Arts, Culture & Media

What happens in Vegas, stays in a Vegas casino's database


The famous "Welcome to Fabulous Las Vegas Nevada" sign on the south end of the Strip lit up on June 15, 2014. Casinos in Sin City are using big data to track customers with the goal they will keep coming back.



Don't think for a minute the NSA is the only one monitoring you — plenty of private companies do it, too. And among those private companies, casinos are huge data hoarders.

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This story is based on a radio interview. Listen to the full interview.

That's the crux of a new book called "What Stays in Vegas," by Adam Tanner. And Tanner already has plenty of experience with being followed.

"The year was 1988, a year before the fall of the Berlin Wall, and in a single day in Dresden, ten Stasi agents followed me," Tanner says, referring to the East German secret police. "They logged everything I did in minute detail. They put it into a 60-page log."

That experience, in some ways, led him to pursue his current book. "That whole experience helped stir my curiosity about who are the people that gather data about us? What do they do with it? And what impact does it have on us?" Tanner says.

The book takes you into casinos like Caesars Palace, which use big data to monitor customers and keep them coming back. "If you choose to join the loyalty program, as many people do, they will know pretty much everything that happens inside the public spaces of the casino," he says. And he means everything.

"How much you spend on electronic machines, down to the penny; how much you spend on the tables; what shows you like to go to in the evening; what kind of foods you like; what drinks you order; whether you go to the spa and have a manicure," Tanner explains. "All of these things are recorded over time, so they are going to know if you are a valuable customer or not."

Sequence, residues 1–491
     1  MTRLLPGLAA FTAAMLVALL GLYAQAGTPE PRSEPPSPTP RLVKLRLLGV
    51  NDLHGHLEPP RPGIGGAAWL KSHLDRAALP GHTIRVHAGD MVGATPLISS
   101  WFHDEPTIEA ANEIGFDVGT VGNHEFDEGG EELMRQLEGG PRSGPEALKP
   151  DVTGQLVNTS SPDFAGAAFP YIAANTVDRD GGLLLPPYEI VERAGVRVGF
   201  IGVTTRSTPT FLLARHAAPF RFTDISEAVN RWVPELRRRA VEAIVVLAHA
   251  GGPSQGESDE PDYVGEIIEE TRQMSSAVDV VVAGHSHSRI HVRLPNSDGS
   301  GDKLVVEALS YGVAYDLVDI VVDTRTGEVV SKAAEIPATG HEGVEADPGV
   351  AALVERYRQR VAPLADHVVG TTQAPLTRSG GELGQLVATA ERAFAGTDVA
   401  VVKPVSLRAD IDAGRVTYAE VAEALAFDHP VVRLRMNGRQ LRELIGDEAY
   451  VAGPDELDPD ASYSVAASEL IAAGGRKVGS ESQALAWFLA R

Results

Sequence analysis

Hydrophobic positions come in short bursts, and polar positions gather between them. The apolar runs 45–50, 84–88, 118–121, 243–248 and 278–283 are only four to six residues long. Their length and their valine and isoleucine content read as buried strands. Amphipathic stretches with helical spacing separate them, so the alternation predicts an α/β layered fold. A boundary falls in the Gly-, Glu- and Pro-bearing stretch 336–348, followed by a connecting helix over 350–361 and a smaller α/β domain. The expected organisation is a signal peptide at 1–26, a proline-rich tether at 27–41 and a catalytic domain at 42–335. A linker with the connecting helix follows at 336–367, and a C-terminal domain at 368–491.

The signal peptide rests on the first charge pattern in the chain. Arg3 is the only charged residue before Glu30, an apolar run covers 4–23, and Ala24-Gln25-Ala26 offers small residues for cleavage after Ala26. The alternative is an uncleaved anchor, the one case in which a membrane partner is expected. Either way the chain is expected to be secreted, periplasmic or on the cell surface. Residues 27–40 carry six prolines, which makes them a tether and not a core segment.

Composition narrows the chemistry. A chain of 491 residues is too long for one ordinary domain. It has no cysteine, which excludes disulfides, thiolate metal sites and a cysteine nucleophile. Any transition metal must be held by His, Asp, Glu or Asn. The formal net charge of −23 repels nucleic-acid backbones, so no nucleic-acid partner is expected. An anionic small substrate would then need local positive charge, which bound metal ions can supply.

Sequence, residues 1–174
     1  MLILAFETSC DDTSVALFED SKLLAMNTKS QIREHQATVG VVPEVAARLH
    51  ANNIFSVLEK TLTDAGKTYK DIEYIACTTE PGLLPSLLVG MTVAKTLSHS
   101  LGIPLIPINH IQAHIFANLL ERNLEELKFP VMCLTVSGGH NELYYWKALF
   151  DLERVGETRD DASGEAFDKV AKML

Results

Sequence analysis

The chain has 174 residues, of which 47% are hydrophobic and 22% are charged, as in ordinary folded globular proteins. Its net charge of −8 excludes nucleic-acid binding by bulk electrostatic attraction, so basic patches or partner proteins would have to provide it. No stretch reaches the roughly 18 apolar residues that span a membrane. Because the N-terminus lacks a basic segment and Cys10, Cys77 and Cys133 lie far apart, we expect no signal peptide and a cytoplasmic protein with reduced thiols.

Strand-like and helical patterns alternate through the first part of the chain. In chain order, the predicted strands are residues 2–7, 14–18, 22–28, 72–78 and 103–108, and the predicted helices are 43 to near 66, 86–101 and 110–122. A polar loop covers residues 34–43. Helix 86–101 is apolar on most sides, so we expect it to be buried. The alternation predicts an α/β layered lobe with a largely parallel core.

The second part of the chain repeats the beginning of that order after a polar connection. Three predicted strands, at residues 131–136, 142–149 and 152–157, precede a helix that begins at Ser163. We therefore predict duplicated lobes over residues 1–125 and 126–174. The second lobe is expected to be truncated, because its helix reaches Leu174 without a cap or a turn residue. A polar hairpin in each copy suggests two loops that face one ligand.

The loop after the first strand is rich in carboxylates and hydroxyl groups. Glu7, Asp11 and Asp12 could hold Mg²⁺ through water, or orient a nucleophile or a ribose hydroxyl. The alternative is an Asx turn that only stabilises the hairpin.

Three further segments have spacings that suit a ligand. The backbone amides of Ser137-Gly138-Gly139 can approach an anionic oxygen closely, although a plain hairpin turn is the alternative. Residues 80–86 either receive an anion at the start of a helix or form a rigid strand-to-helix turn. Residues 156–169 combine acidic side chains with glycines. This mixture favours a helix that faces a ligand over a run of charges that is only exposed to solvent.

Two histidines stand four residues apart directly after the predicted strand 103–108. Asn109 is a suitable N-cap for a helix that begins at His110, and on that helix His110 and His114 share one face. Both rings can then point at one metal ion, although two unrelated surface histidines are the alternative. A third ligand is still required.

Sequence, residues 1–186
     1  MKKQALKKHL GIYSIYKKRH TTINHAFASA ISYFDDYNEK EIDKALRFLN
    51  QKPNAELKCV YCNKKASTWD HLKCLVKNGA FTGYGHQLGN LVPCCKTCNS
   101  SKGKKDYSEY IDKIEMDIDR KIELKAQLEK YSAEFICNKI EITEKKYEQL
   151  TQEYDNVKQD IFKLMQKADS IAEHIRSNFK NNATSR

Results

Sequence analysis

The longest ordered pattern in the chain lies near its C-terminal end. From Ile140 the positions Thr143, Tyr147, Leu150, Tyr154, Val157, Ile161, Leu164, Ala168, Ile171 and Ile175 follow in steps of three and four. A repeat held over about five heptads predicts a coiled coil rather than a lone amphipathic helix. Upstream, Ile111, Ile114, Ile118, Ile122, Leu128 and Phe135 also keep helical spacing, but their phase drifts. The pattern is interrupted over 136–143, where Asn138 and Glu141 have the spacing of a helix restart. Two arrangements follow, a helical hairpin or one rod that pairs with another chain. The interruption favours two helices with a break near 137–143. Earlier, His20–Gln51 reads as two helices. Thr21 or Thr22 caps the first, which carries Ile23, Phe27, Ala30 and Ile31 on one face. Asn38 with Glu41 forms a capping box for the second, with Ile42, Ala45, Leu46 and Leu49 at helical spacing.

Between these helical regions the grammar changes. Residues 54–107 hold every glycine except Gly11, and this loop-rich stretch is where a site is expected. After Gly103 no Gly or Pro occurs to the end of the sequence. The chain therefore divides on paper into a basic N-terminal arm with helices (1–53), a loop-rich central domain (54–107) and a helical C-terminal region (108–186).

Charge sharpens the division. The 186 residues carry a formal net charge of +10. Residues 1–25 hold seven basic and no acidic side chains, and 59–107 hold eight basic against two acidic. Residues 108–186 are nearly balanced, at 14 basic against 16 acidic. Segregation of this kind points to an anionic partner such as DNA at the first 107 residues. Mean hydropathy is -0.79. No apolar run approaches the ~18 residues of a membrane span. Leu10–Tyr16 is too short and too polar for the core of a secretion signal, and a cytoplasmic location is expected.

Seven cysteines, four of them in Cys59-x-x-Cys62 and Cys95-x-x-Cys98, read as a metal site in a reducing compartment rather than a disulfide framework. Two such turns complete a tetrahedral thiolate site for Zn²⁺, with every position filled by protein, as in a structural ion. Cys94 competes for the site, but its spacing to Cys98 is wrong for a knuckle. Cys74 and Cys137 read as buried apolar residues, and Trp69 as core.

That data is showing casinos that the small fry are sometimes more important than the high rollers. These are the people who only drop about $500 in a visit. But they live locally and return again and again, dropping tons of coins into the slots. Over the course of the year, they might spend several thousand dollars more than a rich client who shows up for a weekend spree.

But what if people just don't care that companies are tracking their every move? Tanner says that's fine — but he wants people to do a cost-benefit analysis before dismissing big data as just another part of modern life.

"If people have thought about the data equation and they want to share their data, that's fine," he says. "But you should think about what is happening with your data. And if you're happy with the equation where you are getting these free things from the casinos, then that's fine."

At least the casinos don't sell or share the data beyond their wall — it's valuable information. So what happens at Caesars really does stay at Caesars.